John Persidis, via email
Cameron Carter complains about the paucity of sporting options available to the football fan in the Summer (WSC 223) but neglects to mention the sport that is closest to football in terms of supporter culture and, indeed, stadia. Rugby league is now established as a summer sport and has been attracting a fair amount of interest from followers of other sports, not least when they get to compare it with the desperate “kick and clap” game whose finest exponents in the UK were recently thrashed on tour in New Zealand. You can even stand and watch on a terrace. Sadly the Murdochisation of the sport has lead to the odd display of balloons and people with painted faces looking for cameras to wave into but on balance it’s a price worth paying.
Stuart Bowker, via email
I would like to add my good wishes to both of the “mystery consortiums” who are, as I understand it, set to bid for control of Newcastle United. It’s especially gratifying to hear that both groups are keen to remove Graeme Souness as manager and install... Kevin Keegan, provided he can once again be lured back from the Spanish putting greens. Clearly an association with Super K is seen as a prerequisite for anyone aspiring to win over the Geordie faithful and I can only hope that he heeds the call should the time come. In fact I’m confident that all my fellow Sunderland fans (and Arthur Cox and Derek Fazackerley) will be keeping our fingers crossed. Come home, Kev.
John Marques, via email
Here’s an odd thing. One of the reasons David Trezeguet gives for rebuffing approaches from Chelsea in order to stay at Juventus is that his club have demonstrated their ambitions by signing Patrick Vieira. Yet the latter has been all but pushed out of the door at Arsenal who made absolutely no fuss whatsoever over his departure, in contrast to previous summers when they bent over backwards to dissuade him from leaving for Madrid. Anyone who saw Vieira lumbering around last season will know why he was let go so easily – he really is a spent force, at least as far as big matches are concerned. He’ll do a fine job of midfield enforcing against Lecce or Siena but the chances of his making an impact in a major match are remote. So, Italian giants celebrate snapping up Premiership has-been. That, allied to the fact that said giants, and the team that defeated them to win Serie A, both lost in Europe to the fifth best Premiership team does hint that all is not well in the land of sophisticated defending. They still have the best kits, of course.
Toby Eastlake, via email
Dylan Jones (Letters, WSC 222) asks where I became aware of “little known” facts “hinted at” surrounding Joe Jordan’s winning of a penalty against Wales. Well, the answer is straight from the horse’s mouth – I and some friends had the pleasure of meeting matchh referee Robert Wurtz some years ago. While we’re at it, I can also inform him that I did not incorrectly name the Welsh defender involved. My email merely referred to “Jones”, with no Christian name specified. “Joey” appears to have been added during editing. Puerile Jibes and pedantry cannot mask the fact that Dylan is silent on the two substantive points I raised. Firstly, the utter absurdity of labelling a particular footballer a cheat, as if this somehow makes him a rare bad apple in the barrel. Those with any understanding of the game whatsoever know that, sadly, the ability to bend and break the laws to their advantage is an essential tool of any player’s trade. They’re all at it. Secondly, regarding the incident in question I reiterate that it was because Jones also raised his hand that Wurtz got it wrong. That is the crux of the matter. Two players, contesting possession, acted in an identical fashion, yet one is apparently a heinous cheat, the other an innocent, wronged party deserving of our sympathy. Why, for heaven’s sake? Best suggestion wins a large bag of 27-year-old sour grapes.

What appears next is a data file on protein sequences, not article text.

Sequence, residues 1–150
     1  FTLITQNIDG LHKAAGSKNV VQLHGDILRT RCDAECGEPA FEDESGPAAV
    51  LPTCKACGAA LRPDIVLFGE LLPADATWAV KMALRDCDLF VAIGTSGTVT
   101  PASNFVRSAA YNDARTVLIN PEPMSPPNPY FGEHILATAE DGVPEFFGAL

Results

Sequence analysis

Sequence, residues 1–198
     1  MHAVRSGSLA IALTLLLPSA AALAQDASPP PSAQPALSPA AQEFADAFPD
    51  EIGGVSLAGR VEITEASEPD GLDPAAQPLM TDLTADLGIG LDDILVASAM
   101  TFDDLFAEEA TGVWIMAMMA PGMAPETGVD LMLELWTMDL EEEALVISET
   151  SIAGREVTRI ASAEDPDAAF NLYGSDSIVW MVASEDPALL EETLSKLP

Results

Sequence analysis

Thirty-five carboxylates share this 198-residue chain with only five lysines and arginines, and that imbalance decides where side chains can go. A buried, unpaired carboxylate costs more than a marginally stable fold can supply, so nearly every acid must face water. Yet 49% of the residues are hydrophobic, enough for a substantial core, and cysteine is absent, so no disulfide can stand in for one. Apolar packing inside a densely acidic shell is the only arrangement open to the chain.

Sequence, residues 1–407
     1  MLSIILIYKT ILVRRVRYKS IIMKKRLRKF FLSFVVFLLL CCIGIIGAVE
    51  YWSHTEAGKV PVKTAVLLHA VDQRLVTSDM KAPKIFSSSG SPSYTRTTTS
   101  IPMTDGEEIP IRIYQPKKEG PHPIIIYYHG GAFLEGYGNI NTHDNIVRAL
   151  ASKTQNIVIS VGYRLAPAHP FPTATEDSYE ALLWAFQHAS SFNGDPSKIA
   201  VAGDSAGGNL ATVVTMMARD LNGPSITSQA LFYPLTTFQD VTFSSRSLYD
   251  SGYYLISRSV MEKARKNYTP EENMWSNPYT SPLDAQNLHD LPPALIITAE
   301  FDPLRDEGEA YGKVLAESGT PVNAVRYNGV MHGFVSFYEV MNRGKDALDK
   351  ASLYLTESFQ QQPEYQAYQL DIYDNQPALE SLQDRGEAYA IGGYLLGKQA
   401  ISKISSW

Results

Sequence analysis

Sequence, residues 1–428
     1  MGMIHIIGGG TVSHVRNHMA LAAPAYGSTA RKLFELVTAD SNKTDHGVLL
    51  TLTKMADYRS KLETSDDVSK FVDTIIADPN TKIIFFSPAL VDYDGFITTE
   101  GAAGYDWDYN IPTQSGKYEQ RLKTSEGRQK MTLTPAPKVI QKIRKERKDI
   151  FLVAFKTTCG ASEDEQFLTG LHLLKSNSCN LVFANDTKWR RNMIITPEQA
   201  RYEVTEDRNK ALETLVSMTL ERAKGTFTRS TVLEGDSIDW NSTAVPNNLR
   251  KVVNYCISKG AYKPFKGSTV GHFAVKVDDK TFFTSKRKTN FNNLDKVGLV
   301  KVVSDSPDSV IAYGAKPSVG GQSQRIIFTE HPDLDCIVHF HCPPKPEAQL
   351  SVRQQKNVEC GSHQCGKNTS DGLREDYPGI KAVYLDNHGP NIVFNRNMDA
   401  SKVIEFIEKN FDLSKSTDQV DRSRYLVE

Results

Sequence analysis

Andrew Cowe, via email
There has speculation as to why Roman Abramovich never gives interviews either in print or on TV. I think there may be a simple explanation – he has a comically high-pitched voice, like Joe Pasquale or Mickey Mouse. It would account for why many of the people pictured with him are smiling in a very strained way as he simpers alongside them. It may have also have helped to make him what he is today, very much like the parable of the hardman named Sue in Johnny Cash’s famous song.
Roger Lamont, via email
From WSC 223 September 2005. What was happening this month